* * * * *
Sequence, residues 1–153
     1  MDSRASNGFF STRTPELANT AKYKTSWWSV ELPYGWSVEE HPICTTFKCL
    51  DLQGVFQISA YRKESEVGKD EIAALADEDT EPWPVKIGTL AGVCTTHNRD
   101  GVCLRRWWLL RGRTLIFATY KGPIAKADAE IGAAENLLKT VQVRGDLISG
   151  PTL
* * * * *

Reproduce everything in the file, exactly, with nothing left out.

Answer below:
Sequence, residues 1–153
     1  MDSRASNGFF STRTPELANT AKYKTSWWSV ELPYGWSVEE HPICTTFKCL
    51  DLQGVFQISA YRKESEVGKD EIAALADEDT EPWPVKIGTL AGVCTTHNRD
   101  GVCLRRWWLL RGRTLIFATY KGPIAKADAE IGAAENLLKT VQVRGDLISG
   151  PTL